The News Ė 02/08/01
Buzz Word Alert: PTX
Well, somebodyís put a new
name to a concept Iíve been talking about for a while: Private Exchanges
are now PTXs. This coinage is apparently courtesy of AMR Research, which
is betting, as is AMR Research, that the majority of SAP's enterprise-class
customers will be putting tremendous amounts of energy and investment into
PTXs [private trading exchanges] as a way to cement decades of building
customer and supplier relationships."
A private exchange is a company
extranet on steroids. A company invites vendors and customers into a secure
area to transact business. In this marketplace, a company may hold reverse
auctions, post Requests For Proposals (RFPs), provide design
specifications, and in general collaborate with its business partners. A
PTX is somewhat misnamed, since the concept of an exchange is generally
thought to indicate a many-to-many model, whereas a PTX is a one-to-many
model. But I doubt that companies care. They want the control, and even more
importantly, the privacy, of a secure marketplace.
Read more about PTXs
(before the buzz) in my
presentation at a recent
Delphi Group conference. Iíve also got a supply chain white paper now in
pre-production that Iíll link to when itís available.
Gorillas to Rule; No Room for the Little Guy?
At a recent Patricia
Seybold Group/SPS Commerce discussion, Dr. Larry Smeltzer, professor of
supply chain management at Arizona State University, argued that large
firms which boast of electronically connecting their supply chains had done
so by overlooking SMEs. An SME is a Small- to Medium-sized Enterprise, and
such firms make up the majority, by number, of the companies in the US.
Smeltzer enumerated five
immutable laws of universal supply chain connectivity:
Enduring supply chain
rules based on e-commerce between large companies are already in place in
the form of Electronic Data Interchange (EDI). But these relationships do
not embrace SMEs.
Large firms are
fundamentally different than SMEs (no IT staff, fewer resources of all
kinds), and the daily struggle of keeping an SME afloat receives more focus
than implementing supply-chain connectivity.
Inertia and the status
quo are obstacles to connectivity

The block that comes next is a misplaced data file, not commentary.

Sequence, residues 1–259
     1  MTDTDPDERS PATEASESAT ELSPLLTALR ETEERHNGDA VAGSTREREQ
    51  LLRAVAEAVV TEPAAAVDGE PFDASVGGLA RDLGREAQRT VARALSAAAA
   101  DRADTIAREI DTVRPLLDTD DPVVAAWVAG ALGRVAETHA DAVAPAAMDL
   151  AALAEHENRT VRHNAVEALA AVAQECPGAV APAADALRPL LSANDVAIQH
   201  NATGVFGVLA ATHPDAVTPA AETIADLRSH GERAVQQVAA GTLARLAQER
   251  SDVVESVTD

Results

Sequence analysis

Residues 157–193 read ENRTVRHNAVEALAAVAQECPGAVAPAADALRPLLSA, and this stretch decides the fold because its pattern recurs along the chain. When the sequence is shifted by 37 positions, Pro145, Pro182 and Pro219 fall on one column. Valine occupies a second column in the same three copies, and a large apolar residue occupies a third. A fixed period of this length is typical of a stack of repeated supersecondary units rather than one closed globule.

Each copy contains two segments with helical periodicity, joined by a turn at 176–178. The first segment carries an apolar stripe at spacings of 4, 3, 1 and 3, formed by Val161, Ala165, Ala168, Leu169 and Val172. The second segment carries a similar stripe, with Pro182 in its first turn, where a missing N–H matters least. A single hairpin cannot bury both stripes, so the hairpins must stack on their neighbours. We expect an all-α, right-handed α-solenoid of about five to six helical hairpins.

Targeted technology, a
proven process, and dedicated resources are required to connect and support
thousands of supply chain members
technological advances would help optimize supply chain connectivity.
Where all this is heading
is a new paradigm of business relationships. Rather than a linear
relationship between a business and its supply chain members, businesses
will eventually find themselves involved in a sea of value partners, with
much lower vendor switching costs. Companies will have to find new ways to
create value in this new networked environment. Supply chain efficiency
will be accessible to all, not just the few who have emphasized operational
excellence. This new value universe is described by Rafael Ramirez and
Richard A. Normann in their 1993 book, From Value Chain to Value
Constellation: Designing Interactive Strategy:
companies do not just add value, they reinvent it...[they] are more than
links on a value chain. They are the centers of constellations of services,
goods, and design.
So where will the SMEs be
in this new constellation? Well, unless the bigger players give them a
hand, many could find themselves out in the cold, unless they quickly
undertake the effort and expense of getting connected. As John Chambers,
president of Cisco Systems said, "The big won't beat the small - the
fast will beat the slow."
And as I always say, ďBe
wired or retired.Ē
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